The will power of nine-year-old girls, however, is legendary, and I was reminded of this when Serena Very Posh and her mother Victoria sashayed in through my door.
Such patients are not common in Suffolk, where the rich usually demonstrate their richness by wearing muddier Wellington boots than everyone else. The quality of the mud, you see, displays the level of wealth to another farmer and, since people who don’t understand mud don’t matter, social rank is perfectly maintained (GPs in Suffolk are trade. We use the back door).
Serena had bruised her toe and is requesting lifelong exclusion from cross-country. I peered at it and explained that it was a bruise and would get better soon.
Serena drew herself up to her full four feet six. ‘I’m sorry,’ she said in a voice like Joyce Grenfell, ‘I want an X-ray.’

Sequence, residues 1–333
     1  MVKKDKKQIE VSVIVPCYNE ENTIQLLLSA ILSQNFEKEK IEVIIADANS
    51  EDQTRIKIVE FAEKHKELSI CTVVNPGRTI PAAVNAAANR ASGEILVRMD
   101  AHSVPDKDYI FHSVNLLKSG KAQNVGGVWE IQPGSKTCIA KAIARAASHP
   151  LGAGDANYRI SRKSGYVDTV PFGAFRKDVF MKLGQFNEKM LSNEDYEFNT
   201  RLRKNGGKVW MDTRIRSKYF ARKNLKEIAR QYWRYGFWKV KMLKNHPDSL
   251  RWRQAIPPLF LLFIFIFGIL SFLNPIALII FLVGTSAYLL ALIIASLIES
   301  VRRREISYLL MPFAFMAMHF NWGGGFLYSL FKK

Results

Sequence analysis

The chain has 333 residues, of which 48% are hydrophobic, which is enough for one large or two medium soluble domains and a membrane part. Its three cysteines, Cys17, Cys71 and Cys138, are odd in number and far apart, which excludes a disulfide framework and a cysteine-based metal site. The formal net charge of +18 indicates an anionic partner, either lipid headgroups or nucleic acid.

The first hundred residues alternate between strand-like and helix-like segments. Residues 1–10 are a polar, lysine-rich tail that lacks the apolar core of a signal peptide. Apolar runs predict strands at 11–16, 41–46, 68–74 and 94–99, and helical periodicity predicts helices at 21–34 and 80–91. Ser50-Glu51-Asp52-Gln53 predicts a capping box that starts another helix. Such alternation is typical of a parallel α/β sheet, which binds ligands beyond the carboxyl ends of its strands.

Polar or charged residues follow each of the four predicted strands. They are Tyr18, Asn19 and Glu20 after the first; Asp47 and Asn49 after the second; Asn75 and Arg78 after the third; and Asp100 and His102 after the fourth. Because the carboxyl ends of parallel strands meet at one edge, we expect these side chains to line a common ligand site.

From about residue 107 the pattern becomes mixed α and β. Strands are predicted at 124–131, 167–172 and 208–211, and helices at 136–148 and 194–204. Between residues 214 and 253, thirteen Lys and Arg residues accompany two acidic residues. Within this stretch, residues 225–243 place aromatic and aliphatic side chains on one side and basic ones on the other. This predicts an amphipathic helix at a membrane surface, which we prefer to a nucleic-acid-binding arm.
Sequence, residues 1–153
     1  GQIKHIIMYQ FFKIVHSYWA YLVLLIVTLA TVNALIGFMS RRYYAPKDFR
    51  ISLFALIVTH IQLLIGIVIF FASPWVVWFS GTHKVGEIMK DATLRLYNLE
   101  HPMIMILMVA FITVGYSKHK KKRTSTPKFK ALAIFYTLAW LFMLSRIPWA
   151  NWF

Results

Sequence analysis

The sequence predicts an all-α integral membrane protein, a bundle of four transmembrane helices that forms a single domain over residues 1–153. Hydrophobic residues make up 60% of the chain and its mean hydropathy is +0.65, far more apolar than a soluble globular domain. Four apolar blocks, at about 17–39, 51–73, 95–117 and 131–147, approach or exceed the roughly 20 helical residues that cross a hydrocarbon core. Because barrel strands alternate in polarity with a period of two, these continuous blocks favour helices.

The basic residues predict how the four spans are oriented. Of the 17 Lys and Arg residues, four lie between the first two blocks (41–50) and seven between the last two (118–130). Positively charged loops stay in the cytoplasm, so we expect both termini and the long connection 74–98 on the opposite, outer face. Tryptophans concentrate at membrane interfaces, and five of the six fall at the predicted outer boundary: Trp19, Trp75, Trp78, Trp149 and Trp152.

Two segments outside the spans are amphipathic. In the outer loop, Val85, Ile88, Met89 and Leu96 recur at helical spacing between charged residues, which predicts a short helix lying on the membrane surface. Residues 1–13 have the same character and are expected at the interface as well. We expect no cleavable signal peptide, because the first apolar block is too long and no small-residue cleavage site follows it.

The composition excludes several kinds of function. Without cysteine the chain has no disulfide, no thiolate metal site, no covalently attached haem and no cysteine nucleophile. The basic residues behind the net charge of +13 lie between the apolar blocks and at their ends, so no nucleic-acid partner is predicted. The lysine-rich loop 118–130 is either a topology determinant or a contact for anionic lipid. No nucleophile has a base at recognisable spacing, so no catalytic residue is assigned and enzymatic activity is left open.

I fell on the floor in surprise and Victoria looked troubled. ‘Can’t you send us to casualty?’ she asked.
I sigh. ‘No,’ I said, ‘nor can I sign her off sport. This is a normal foot.’
Several days later a report landed on my desk. Serena Very Posh had broken her toe. I was surprised at my own misjudgment. Serena had already bruised her toe, the report stated, when she groomed her pony, which stood upon her little toe and broke it. She had been advised to avoid sport for the next six weeks. Diagnosis, accidental injury. Remembering Matilda and the spiders, I wasn’t so sure.
- Dr Selby is a GP in Suffolk.
You can write to her at GPcolumnists@haynet.com